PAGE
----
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In Newfoundland, we're always shovel-ready


Old TV show-style scene, take one. (Two older men wearing lumberjack-style jackets, footwear sometimes described as "unemployment boots" and are talking as they lean on their spades. They're spreading something that could be dirt, or maybe not.) "Some-ting about that new budget, eh Jarge?" "Sure 'tis, Nish, b'y. Was dat 'bout gov'mint havin' sometin' they call "shovel-ready?"

Old TV show-style scene, take one.

(Two older men wearing lumberjack-style jackets, footwear sometimes described as "unemployment boots" and are talking as they lean on their spades. They're spreading something that could be dirt, or maybe not.)

"Some-ting about that new budget, eh Jarge?"

"Sure 'tis, Nish, b'y. Was dat 'bout gov'mint havin' sometin' they call "shovel-ready?"

"Me nerves, Jarge. What do ya t'ink we're doin? We got our shovels and we're ready."

"Ready for what, Nish?"

"Ready for da money we're goin' to make - because gov'mint's goin' to have to pay big money shoveling all that pile of crap!"

It's a stereotypical "Newfie" scene, to be sure, but when you think about one of the initiatives announced by the federal government - "shovel-ready" - it perpetuates a nasty stereotype of its own.

The phrase refers to Ottawa's announcement of $12 billion for infrastructure funding. Part of that funding will include "shovel-ready" ready projects that will supposedly create jobs quickly.

"Back in my day, Jarge, we used to call 'em 'make-work projects', remember? If Aunt Nellie thought that Uncle Walt needed a wharf or sometin' to tie 'is dory on, why 'den she'd call that lovely Jarge Baker, our Member of Parliament at the time, and he'd just git dat money, all $100,000 of it and put dat wharf right 'ere in Snits Harbour! Too bad 'e didn't put a road in 'ere."

(Camera focuses on one of the men.)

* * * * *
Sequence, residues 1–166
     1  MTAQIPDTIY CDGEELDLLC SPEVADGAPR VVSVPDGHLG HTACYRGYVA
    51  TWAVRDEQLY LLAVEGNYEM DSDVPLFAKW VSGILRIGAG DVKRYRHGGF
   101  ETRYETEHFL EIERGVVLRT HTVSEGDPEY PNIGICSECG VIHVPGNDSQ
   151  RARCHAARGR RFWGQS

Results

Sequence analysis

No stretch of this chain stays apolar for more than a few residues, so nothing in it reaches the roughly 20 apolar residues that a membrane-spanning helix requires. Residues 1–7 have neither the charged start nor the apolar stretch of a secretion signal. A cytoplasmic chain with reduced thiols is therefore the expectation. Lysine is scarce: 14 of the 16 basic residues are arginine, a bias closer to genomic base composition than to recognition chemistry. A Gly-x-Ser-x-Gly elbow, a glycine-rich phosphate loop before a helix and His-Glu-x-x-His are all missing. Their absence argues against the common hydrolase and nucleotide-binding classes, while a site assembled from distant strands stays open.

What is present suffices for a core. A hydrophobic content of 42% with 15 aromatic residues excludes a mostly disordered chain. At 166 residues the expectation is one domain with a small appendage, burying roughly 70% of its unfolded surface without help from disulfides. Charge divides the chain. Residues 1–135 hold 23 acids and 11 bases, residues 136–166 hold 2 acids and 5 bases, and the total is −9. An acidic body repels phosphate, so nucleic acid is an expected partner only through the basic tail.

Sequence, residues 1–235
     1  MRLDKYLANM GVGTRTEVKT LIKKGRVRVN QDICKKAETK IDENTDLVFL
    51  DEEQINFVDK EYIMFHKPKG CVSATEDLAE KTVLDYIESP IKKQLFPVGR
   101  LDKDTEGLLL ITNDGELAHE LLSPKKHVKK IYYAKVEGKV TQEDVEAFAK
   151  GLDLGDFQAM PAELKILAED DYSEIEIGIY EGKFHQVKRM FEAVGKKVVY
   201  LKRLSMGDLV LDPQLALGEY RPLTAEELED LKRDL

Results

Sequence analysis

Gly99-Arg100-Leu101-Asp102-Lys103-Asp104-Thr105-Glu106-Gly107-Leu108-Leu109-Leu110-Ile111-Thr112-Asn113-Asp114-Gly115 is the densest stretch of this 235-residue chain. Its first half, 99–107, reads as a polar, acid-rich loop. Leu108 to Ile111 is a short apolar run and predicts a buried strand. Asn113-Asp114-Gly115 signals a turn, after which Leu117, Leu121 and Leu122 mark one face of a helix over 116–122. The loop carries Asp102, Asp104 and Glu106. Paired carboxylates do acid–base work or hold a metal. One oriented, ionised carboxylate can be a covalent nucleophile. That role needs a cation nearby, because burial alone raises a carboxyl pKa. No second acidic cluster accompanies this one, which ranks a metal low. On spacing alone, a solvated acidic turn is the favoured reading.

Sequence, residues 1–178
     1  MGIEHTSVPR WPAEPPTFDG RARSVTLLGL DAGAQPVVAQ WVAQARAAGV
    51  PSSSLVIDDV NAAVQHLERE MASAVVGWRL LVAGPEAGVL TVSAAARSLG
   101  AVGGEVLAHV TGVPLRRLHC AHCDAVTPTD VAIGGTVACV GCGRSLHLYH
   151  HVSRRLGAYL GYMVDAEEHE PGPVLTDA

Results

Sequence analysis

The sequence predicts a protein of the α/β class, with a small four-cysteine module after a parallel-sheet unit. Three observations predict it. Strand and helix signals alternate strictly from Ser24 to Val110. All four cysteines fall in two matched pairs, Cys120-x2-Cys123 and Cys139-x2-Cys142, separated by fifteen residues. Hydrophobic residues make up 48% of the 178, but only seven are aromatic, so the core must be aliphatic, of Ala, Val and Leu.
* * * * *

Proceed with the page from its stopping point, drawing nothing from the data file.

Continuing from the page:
"I AM Jarge Baker, Nish."

There was a time when politicians would hand over money for make-work projects, many of them including infrastructure like government wharves in communities that either no longer exist or are a shadow of the formerly vibrant towns, villages and outports they used to be.

Mr. Baker and many others used to secure funds for that, and as a result make-work projects in this province (and likely in others) became as common as cappuccino machines today in many gas stations.

But as any Italian can tell you, the hot drink at the gas stations is no more a cappuccino than "shovel-ready" is a package that will create jobs and give municipalities the infrastructure they need. In fact, they add to the culture of dependency that so many small rural Canadian communities are struggling to eradicate themselves from.

It shows the rest of Canada how little the Harper government knows about the country's municipalities. Under this program, Ottawa provides one-third of the cost, a province another third, the municipality the rest. Say you're Bishop's Falls and you need a new sewer system at $10 million a pop. Do you have $3.3 million to pick up your share of the pie? Don't think so. And there are a lot of Bishop's Falls across Canada wondering where the money will come from.

What municipalities need - major centres excluded - is more funding on a permanent basis. Smaller towns don't have enough of a tax base to get all the money they need for infrastructure; provinces sometimes can't afford to pay for their slice of the pie either.

As it stands now, the concept of "shovel-ready" only helps to create a culture of dependency - and some pretty smelly cow pies!

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